A Gross Abuse of Power

[Content Note: Bullying; disablism; gaslighting.]

I've got a new piece at Shareblue about Meryl Streep's acceptance speech at the Golden Globes, during which she called out Donald Trump's mockery of disabled reporter Serge Kovaleski, and Trump's inevitable response totally proving her point:
Trump calls Streep, who was being honored for her lifetime of amazing work, "over-rated" — as if her status has anything to do with the veracity and significance of her criticism.

He further cites her support of Hillary Clinton as though that renders her criticism irrelevant, and suggests that, because she does not know him personally, she has no right to criticize him.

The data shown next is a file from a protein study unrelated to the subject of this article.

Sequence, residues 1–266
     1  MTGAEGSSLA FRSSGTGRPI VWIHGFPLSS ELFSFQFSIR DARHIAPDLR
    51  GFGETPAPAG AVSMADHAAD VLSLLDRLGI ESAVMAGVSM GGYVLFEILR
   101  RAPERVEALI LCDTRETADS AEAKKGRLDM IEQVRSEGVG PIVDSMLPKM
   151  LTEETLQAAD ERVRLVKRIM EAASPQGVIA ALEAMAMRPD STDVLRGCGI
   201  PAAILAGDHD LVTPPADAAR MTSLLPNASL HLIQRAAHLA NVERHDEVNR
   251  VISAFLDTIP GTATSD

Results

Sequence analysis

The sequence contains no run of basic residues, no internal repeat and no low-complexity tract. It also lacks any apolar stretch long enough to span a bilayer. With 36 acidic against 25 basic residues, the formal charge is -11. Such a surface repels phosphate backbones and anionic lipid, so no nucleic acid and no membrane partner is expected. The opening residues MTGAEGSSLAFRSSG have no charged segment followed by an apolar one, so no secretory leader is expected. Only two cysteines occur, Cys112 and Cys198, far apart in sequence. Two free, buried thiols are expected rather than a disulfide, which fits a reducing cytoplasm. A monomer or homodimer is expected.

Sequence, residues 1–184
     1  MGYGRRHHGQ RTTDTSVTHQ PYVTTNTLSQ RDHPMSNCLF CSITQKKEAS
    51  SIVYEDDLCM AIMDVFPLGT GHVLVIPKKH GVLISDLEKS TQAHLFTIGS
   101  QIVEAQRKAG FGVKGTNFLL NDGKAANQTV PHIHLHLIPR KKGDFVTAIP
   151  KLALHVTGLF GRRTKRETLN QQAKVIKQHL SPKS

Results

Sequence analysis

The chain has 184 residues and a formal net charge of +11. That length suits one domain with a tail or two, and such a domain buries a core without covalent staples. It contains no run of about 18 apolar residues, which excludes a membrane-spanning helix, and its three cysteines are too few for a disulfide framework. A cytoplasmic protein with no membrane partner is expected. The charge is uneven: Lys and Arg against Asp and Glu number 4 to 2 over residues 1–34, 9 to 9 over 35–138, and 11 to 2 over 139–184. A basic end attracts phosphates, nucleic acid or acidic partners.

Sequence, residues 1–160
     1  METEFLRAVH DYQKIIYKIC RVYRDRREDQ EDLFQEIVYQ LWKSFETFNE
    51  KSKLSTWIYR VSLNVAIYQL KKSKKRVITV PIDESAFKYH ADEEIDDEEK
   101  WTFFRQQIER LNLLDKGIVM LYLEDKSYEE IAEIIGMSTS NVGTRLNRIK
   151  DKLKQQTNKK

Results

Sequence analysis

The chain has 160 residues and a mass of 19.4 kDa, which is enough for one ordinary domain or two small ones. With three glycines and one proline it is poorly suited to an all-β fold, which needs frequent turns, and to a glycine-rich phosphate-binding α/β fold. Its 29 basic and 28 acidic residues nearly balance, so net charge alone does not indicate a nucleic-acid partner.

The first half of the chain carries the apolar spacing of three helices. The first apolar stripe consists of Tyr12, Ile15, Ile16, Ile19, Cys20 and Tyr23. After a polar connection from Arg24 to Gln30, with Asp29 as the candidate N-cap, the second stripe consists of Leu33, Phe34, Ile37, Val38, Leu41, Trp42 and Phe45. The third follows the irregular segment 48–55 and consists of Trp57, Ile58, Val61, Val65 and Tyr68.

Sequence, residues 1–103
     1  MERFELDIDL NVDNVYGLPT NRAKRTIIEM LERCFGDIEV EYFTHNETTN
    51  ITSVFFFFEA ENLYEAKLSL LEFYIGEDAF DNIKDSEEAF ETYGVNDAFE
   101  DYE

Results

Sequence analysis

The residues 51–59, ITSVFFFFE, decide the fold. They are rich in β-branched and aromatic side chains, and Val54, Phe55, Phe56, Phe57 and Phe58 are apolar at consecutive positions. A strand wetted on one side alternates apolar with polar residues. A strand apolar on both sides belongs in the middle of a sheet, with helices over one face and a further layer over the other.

Those are chilling implications. A president (or even president-elect) intimating that citizens who supported his opponent have abdicated their right to dissent, or that the observations of citizens who do not know him personally — as most citizens do not — will be reflexively deemed illegitimate, is alarmingly hostile to free speech.

...There are people across this country with significantly less prominence than Streep who have similar, valid criticisms of Trump, and intimidating them with such public displays of mockery, insult, and hostility toward their free speech rights is a gross abuse of power.
Head on over to read the whole thing.

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